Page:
Historical Bits About Punch & Judy, Red Telephone Boxes, & Bunting

The Streets Of London

The Calm Before The [Diamond Jubilee] Storm

It felt a bit like the calm before the storm last week when my husband David and I visited London seeing as it was the run-up to the five days of festivities this week for Elizabeth II’s Diamond Jubilee to celebrate her sixty years on the throne.

Although things were revving up somewhat and you saw emerging telltale signs that the city was in store for something special, the merrymaking hadn’t officially begun. So what we saw on the streets was low on the razzle-dazzle scale compared to all the jubilee pageantry and spectacle that we have all witnessed this week.

Nevertheless I think London is always full of bits and bobs that are grand to come upon and learn more about, including what follows here.

From Punchman To Punch

There he was, luring my husband David and I with his bright colors in a shop window – and no doubt you’ve also seen this commanding fellow either in person or in print:

He’s the character Punch who is part of the Punch and Judy duo, a traditional English popular puppet show.

Other characters pop up on stage along with Punch and Judy – which invariably leads to a bit of an anarchic, thespian free-for-all that gets the spectators laughing.

Mr Punch

It turns out that traditionally the single puppeteer who performs the show was known as a ‘professor’ or ‘punchman’ in Victorian times – which is, of course, where our hero Punch here gets his name.

The Helpful Bottler

A punchman was sometimes helped out by a ‘bottler’ – that is, the name given to the person who tries to corral an audience, introduces the show, and finally collects the money (‘the bottle’) at the end of the performance.

The bottler would often play accompanying music (in Victorian times the drum and pan pipes were generally used) or do sound effects or chat back to the puppets. The latter often consisted of repeating lines the puppets said that might have been difficult for the audience to understand.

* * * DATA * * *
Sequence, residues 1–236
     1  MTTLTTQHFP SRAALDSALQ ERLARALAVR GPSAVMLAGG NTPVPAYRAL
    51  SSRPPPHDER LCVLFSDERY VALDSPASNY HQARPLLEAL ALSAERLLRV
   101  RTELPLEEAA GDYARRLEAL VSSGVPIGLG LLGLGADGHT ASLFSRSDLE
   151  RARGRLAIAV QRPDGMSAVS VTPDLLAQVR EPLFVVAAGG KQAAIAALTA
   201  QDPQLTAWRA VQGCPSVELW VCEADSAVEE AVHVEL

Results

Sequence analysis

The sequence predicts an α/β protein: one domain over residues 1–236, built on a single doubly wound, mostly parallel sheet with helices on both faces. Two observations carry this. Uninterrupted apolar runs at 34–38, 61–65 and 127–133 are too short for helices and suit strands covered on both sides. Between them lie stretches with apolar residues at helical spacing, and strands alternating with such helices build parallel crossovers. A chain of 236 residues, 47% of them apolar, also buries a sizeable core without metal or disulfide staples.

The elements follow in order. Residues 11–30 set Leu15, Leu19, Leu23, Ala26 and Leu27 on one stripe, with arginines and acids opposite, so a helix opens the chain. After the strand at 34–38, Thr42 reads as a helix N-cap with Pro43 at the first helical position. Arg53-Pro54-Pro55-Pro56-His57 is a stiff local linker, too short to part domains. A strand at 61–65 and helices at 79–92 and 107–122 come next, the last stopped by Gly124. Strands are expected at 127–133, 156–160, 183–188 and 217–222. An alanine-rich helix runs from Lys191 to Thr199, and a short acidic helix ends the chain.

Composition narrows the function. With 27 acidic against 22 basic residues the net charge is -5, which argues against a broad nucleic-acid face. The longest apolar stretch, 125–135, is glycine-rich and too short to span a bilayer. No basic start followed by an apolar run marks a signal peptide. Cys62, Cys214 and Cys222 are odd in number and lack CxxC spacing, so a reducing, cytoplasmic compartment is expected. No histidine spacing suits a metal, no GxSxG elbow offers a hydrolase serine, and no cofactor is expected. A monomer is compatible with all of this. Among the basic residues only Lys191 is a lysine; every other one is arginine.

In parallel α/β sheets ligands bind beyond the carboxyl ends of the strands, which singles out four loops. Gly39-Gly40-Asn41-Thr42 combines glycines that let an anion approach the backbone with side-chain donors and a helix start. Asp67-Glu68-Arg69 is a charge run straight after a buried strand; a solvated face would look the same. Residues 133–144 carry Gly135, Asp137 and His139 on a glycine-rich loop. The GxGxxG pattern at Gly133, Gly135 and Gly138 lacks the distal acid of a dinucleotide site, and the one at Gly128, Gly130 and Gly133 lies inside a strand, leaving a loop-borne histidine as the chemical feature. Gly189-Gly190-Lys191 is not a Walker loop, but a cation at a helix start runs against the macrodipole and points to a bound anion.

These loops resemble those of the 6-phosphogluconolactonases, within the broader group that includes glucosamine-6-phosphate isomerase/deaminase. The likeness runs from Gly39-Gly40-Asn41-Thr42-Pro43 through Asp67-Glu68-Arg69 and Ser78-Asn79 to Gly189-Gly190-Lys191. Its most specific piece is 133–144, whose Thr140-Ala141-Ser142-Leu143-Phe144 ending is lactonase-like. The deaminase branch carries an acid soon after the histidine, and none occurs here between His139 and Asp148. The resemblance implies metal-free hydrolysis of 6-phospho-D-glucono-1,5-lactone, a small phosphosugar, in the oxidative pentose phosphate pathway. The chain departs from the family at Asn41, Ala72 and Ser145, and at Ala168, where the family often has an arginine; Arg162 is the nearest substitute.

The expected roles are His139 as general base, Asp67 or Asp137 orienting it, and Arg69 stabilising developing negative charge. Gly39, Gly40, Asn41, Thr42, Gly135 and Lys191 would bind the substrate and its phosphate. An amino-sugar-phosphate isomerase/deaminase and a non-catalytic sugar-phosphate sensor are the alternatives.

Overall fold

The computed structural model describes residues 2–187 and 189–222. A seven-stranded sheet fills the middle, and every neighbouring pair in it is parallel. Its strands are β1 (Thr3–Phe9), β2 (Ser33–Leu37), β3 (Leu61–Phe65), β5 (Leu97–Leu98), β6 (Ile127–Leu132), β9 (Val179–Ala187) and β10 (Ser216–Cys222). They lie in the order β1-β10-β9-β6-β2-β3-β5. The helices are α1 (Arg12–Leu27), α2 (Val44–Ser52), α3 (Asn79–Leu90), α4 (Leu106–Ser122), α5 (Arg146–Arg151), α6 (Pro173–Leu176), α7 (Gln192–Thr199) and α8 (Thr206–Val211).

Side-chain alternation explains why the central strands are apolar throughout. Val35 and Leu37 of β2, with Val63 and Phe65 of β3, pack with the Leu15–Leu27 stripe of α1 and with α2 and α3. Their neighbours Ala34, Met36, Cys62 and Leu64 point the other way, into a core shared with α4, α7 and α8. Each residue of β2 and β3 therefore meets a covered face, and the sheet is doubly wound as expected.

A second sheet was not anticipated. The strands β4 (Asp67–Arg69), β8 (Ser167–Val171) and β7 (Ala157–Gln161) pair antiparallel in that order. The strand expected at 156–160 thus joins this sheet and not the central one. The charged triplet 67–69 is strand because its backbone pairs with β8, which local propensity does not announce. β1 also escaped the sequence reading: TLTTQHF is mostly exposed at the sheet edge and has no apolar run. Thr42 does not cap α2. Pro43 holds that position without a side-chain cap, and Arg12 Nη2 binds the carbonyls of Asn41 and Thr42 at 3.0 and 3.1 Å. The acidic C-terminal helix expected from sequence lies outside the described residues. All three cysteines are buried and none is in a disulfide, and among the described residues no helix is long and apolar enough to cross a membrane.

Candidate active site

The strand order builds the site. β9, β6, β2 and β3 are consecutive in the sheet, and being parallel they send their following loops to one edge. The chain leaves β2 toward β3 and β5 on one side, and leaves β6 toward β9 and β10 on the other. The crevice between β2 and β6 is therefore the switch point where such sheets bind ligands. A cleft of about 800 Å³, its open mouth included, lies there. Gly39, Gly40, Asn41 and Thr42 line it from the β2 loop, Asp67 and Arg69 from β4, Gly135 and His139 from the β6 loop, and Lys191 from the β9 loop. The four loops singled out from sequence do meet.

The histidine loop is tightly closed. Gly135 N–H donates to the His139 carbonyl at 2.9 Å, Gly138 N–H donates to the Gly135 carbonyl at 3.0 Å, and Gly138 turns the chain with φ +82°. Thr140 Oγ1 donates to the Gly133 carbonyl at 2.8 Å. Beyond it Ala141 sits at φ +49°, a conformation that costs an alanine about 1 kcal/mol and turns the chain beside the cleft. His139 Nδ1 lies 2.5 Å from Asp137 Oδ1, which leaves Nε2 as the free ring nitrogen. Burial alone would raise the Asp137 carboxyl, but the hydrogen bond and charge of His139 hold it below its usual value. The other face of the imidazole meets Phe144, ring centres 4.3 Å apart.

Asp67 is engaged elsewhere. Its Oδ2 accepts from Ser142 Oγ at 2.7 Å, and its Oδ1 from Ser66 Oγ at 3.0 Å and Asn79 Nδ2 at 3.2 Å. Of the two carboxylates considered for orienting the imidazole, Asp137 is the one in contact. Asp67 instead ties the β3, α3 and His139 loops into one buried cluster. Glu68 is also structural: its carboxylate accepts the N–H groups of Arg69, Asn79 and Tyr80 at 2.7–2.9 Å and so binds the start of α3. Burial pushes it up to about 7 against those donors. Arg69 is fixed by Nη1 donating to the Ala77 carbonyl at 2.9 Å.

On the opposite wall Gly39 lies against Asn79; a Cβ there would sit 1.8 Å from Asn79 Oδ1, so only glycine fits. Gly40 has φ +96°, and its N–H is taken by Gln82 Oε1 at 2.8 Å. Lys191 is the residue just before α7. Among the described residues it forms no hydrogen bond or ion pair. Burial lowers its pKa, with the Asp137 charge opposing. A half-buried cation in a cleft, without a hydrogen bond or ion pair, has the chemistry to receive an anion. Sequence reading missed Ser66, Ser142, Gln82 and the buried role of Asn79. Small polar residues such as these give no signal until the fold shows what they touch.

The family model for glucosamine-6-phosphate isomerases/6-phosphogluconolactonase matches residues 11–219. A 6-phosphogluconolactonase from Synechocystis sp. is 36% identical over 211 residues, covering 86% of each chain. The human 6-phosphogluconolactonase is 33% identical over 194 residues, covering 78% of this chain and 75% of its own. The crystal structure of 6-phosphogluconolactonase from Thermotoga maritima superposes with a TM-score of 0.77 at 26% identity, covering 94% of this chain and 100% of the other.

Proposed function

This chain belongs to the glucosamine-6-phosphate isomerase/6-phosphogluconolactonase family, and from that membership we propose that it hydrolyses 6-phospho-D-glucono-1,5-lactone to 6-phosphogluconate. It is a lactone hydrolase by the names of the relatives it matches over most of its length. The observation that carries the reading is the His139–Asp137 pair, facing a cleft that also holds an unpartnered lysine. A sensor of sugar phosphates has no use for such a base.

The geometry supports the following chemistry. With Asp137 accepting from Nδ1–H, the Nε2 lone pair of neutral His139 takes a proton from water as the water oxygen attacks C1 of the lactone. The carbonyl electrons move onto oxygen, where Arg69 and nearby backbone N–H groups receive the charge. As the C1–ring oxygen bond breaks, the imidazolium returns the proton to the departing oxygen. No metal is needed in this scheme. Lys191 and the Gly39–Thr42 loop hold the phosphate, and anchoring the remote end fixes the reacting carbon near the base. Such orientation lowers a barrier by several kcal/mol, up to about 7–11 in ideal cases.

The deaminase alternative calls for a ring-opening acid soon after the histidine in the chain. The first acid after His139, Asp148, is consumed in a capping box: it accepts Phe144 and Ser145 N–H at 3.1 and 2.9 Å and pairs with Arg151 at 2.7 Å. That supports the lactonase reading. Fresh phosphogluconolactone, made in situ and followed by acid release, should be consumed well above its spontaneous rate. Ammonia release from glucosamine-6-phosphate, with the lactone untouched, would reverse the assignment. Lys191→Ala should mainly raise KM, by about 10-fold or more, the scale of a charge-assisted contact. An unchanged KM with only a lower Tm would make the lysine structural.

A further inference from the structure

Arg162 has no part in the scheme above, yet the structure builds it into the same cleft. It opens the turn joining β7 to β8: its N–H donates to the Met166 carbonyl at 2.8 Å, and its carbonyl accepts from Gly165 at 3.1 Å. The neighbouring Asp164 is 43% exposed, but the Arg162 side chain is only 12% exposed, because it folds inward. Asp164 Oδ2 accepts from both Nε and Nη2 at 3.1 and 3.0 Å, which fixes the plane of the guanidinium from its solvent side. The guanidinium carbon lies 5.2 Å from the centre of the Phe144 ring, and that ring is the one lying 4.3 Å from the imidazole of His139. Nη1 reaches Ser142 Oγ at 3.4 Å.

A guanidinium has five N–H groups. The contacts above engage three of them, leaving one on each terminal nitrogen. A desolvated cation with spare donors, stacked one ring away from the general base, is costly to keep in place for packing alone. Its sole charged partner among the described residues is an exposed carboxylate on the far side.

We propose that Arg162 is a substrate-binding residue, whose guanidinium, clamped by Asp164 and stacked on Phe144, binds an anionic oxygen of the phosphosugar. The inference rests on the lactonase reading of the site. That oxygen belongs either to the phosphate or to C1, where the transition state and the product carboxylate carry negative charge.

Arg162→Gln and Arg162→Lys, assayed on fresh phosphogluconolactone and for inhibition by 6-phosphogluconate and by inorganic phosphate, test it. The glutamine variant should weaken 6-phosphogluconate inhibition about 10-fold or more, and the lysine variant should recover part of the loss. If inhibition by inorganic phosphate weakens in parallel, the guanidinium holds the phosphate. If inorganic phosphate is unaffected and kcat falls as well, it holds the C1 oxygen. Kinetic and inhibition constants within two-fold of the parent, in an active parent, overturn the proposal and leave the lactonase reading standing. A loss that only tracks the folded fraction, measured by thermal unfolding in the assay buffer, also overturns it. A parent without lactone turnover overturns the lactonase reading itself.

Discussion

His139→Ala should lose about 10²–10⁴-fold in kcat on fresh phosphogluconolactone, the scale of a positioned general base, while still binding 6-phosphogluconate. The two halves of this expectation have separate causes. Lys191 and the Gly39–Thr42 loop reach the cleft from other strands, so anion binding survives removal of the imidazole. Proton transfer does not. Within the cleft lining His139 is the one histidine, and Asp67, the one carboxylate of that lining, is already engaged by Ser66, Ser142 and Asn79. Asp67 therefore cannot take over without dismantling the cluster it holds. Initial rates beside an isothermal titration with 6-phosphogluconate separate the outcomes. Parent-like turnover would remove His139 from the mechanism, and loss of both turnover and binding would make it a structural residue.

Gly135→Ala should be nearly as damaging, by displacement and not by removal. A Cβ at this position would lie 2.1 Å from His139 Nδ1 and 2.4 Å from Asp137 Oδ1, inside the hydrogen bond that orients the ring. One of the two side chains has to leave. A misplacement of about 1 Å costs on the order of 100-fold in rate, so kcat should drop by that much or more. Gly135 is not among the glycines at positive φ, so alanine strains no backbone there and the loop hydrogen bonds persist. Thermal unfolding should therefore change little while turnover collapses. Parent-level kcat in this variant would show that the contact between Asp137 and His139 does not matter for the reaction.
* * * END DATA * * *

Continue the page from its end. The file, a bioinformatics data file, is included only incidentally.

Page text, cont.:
These days punchmen usually work on their own because they often get gigs at private parties or public engagements so they are paid beforehand and not busking on the streets.

Pulcinella to Punchinello to Punch

Punch and Judy have their roots in the commedia dell’arte of 16th-century Italy, a form of theatre with masked ‘types’.

Commedia dell’arte had many actors and players who commanded high fees – which is what led in the 17th century to bringing in string puppets (known as marionettes) who replaced the actors.

Punch’s figure is taken from the Neapolitan character Pulcinella, which was later anglicised to Punchinello. He’s fashioned after the mythological Lord of Misrule, and originally his wife was named Joan.

Watched By Samuel Pepys And George Washington

Mr. Punch as he was also known first appeared in England in 1662. Samuel Pepys, the English naval administrator and Member of Parliament who became known for his diary, wrote about the marionette show that had an early version of the Punch character that he saw in Covent Garden in London.

The marionette theatre starring Punch was at its height in the early 18th century. Punch was very well liked in Paris too, and by the end of the 18th century he was also performing in Britain’s American colonies where George Washington is said to have bought tickets for a show.